Ways and Means Tax Reform Hearing


November 7, 2017

Congressman Danny K. Davis Statement on Amendment Restoring the Adoption Tax Credit, Exclusions for Employer Dependent Care and Adoption Assistance Programs, and Expanding the Child Care Tax Credit to Strengthen Families

I have an amendment that strengthens families by reinstating the Adoption Tax Credit with refundability, permanently restoring the exclusions for employer dependent care and adoption assistance programs, and modernizing the Child and Dependent Care Tax Credit to address the rising cost of child care and to benefit more working families. This amendment is fiscally responsible in that it offsets any costs associated with supporting middle class families with a minor increase in the corporate tax rate.

The Adoption Tax Credit is a bipartisan credit that helps families offset some of the costs of adoption, especially for children with special needs.  Currently, the benefit is non-refundable for up to about $13,000 of qualifying adoption expenses per adopted child, with a 5-year carry forward 

In 2014, over 73,000 households claimed the Adoption Tax Credit, with an average credit value of $4,802.  However, almost 60 percent of the credit went to families with incomes over $100,000.  Although almost HALF of the claimants had income under $75,000, these adoptive families received less than one-fifth of the adoptive credit in dollars. This is especially problematic given that approximately half of youth adopted from foster care live in families with incomes at or below 200 percent of the federal poverty level; thus, the credit as in inadvertently creates barriers to permanency for a substantial number of families.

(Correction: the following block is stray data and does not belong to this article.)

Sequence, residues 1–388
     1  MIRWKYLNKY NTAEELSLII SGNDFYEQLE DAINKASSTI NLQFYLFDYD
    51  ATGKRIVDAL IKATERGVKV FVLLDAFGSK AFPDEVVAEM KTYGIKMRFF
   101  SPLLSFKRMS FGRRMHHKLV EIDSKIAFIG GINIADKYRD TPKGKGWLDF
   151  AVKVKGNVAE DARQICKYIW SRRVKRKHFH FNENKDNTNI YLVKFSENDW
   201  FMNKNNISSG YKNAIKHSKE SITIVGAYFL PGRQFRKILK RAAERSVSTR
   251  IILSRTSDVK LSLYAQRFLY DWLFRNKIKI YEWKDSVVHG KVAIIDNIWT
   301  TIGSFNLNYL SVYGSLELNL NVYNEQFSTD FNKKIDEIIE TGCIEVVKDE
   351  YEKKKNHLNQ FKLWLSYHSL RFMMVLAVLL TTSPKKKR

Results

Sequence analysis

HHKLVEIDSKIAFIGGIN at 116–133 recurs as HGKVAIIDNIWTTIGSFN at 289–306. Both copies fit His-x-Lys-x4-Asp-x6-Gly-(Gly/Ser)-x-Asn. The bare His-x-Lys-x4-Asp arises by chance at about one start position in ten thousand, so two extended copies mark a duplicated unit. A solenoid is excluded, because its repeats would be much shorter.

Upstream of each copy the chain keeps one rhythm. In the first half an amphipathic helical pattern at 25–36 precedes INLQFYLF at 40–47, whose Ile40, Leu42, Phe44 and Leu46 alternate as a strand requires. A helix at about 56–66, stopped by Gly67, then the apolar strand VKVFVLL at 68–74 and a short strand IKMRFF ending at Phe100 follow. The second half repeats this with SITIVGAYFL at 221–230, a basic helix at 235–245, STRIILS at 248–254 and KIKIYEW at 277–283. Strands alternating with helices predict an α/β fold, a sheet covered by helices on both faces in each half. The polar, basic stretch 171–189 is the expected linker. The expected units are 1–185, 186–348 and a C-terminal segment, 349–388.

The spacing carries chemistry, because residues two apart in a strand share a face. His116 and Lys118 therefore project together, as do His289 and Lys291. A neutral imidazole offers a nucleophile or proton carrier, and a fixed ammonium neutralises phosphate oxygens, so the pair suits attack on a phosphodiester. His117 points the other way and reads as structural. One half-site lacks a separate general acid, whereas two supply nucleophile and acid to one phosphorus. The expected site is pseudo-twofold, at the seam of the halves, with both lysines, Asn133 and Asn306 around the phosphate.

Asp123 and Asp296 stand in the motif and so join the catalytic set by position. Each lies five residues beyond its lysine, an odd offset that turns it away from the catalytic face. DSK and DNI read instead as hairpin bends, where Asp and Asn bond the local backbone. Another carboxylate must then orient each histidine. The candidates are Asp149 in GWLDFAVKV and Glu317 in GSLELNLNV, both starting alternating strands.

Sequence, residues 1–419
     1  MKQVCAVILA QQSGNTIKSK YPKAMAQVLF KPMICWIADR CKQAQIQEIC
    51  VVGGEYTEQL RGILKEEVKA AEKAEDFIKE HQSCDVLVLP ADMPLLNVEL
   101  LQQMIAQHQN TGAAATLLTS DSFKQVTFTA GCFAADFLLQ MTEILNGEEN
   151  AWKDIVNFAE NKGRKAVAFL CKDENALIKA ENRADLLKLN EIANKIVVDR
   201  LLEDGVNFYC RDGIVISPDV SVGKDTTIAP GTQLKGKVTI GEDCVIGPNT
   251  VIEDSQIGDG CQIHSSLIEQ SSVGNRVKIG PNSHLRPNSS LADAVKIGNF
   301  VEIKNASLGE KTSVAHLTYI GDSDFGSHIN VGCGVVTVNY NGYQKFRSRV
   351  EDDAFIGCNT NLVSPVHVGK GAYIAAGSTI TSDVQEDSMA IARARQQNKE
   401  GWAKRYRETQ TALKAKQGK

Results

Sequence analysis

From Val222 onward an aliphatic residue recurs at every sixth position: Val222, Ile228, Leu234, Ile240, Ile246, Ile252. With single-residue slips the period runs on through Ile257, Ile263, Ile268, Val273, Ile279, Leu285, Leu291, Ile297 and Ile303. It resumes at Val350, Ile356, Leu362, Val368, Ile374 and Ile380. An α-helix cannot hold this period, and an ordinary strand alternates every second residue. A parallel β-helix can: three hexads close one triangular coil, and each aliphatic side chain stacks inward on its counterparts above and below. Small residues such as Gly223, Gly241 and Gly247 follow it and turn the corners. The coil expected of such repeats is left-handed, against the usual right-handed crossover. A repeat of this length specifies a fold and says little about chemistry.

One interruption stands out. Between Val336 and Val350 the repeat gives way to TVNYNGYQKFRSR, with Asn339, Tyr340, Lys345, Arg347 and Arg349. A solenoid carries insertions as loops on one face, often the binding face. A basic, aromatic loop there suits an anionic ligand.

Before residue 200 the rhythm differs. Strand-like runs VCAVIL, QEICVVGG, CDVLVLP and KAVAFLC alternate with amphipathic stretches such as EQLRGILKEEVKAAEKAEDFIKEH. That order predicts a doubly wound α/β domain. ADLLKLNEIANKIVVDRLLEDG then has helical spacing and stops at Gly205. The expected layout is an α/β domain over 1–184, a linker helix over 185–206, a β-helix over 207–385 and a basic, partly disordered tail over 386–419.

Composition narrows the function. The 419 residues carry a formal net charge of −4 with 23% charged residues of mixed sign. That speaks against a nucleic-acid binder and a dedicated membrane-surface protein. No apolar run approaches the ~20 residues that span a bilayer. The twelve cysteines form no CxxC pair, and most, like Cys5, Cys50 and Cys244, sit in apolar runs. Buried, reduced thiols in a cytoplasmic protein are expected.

Compared to youth who remain in foster care, adopted children experience much greater economic and social well-being.  Additionally, families who adopt from foster care save the federal government between $65,000 and $127,000 by getting children out of costly foster care and into permanent adoptive families.   

To restore the refundability of the credit, I joined Congressman Diane Black in introducing The Adoption Tax Credit Refundability Act. We heard repeatedly about how the refundability helped meet the needs of the adoptive children and the hardship caused when refundability went away.  This was the case for the Leiva family in Chicago who adopted two foster youth with special needs and the Owens family from Pennsylvania who adopted 4 medically-fragile children from foster care nursing homes.

My amendment reinstates the Adoption Tax Credit and incorporates the improvements from our bill so that more families can benefit and more waiting children can be adopted.  Restoring refundability of the Adoption Tax Credit is supported by the 150 Member organizations of the Adoption Tax Credit Working Group, and I ask unanimous consent to submit to the letter of support from these organizations to the record as well as their statement of shock that HR 1 strikes this critical tax benefit for families.

My amendment also enhances the Child and Dependent Care Tax Credit.